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The Goddess Theory

July 30, 1989

I was disturbed by the tone Jacques Leslie took regarding archeologists who disagree with Marija Gimbutas' vivid picture of prehistoric life in southeastern Europe ("The Goddess Theory," June 11). Leslie is prepared to render those archeologists as boring scholars "who think that archeology is legitimate only to the degree that it is grounded in science"--as if this were a horrible insult?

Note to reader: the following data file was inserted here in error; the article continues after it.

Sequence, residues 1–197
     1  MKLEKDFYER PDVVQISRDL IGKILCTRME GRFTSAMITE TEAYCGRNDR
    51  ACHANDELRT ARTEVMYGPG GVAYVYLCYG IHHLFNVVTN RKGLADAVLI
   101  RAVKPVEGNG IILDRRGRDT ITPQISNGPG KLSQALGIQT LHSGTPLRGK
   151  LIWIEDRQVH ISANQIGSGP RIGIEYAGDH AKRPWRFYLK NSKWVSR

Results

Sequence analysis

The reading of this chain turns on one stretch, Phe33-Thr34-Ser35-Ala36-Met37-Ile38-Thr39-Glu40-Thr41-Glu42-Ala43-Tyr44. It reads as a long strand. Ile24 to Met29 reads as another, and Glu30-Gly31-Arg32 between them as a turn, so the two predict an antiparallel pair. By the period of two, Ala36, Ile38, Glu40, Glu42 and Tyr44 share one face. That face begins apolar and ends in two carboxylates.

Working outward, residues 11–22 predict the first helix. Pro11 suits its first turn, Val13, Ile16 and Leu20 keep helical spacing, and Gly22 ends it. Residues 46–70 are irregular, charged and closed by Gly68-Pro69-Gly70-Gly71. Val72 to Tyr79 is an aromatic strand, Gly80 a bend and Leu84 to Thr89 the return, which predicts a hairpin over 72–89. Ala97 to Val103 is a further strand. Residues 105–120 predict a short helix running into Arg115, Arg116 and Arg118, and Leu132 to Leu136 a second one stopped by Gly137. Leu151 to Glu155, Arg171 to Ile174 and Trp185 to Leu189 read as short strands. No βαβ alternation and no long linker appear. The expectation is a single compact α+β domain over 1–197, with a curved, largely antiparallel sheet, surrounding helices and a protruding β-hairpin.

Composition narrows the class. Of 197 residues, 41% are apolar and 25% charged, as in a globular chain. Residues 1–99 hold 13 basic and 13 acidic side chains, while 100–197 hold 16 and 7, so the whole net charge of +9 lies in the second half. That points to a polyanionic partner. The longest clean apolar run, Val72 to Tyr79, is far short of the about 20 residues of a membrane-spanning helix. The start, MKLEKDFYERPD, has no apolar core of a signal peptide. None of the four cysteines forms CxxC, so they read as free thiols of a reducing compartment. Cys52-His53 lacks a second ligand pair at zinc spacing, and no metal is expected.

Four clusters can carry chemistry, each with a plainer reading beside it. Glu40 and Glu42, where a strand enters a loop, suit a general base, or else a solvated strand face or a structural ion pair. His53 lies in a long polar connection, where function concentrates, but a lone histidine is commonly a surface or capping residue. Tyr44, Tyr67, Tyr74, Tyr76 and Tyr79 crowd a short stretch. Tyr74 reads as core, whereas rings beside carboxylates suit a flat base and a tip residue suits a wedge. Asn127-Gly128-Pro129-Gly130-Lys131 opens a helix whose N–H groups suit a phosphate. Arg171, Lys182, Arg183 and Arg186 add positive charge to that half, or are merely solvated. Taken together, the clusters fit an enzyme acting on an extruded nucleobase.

Archeologists must fight their desire to be flightful because other archeologists--and, more important, the general public--assume that what they propose has scientific grounds. The information generated by archeologists is considered scientific, and, as a result (rightly or wrongly) is often accepted as fact.

Scientists of any kind have a responsibility to indicate the degree of certainty with which they are able to make claims or generate hypotheses, and they should be applauded when doing so, not condescended to.

MONICA GYULAI

Van Nuys

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